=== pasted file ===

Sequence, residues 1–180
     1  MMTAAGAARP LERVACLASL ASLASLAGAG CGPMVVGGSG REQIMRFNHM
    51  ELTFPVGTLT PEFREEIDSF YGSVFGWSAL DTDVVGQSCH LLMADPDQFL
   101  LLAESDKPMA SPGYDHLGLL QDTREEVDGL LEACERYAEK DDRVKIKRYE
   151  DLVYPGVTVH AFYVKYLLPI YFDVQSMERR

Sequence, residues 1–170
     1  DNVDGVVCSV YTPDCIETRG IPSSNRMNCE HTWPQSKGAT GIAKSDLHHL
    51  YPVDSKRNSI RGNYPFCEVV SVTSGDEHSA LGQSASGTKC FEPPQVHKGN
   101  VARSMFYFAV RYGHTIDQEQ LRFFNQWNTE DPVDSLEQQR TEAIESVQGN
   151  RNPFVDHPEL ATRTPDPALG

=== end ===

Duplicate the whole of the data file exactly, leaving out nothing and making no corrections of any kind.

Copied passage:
Sequence, residues 1–180
     1  MMTAAGAARP LERVACLASL ASLASLAGAG CGPMVVGGSG REQIMRFNHM
    51  ELTFPVGTLT PEFREEIDSF YGSVFGWSAL DTDVVGQSCH LLMADPDQFL
   101  LLAESDKPMA SPGYDHLGLL QDTREEVDGL LEACERYAEK DDRVKIKRYE
   151  DLVYPGVTVH AFYVKYLLPI YFDVQSMERR

Sequence, residues 1–170
     1  DNVDGVVCSV YTPDCIETRG IPSSNRMNCE HTWPQSKGAT GIAKSDLHHL
    51  YPVDSKRNSI RGNYPFCEVV SVTSGDEHSA LGQSASGTKC FEPPQVHKGN
   101  VARSMFYFAV RYGHTIDQEQ LRFFNQWNTE DPVDSLEQQR TEAIESVQGN
   151  RNPFVDHPEL ATRTPDPALG